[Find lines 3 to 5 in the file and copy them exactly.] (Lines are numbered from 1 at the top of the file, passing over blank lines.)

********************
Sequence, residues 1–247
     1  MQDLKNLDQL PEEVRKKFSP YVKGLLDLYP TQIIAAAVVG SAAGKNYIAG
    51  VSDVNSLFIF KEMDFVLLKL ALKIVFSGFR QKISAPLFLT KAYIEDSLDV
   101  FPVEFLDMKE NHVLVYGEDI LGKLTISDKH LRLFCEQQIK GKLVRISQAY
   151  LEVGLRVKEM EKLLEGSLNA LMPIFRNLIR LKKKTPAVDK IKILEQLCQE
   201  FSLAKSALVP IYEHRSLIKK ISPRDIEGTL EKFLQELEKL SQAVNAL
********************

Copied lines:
    51  VSDVNSLFIF KEMDFVLLKL ALKIVFSGFR QKISAPLFLT KAYIEDSLDV
   101  FPVEFLDMKE NHVLVYGEDI LGKLTISDKH LRLFCEQQIK GKLVRISQAY
   151  LEVGLRVKEM EKLLEGSLNA LMPIFRNLIR LKKKTPAVDK IKILEQLCQE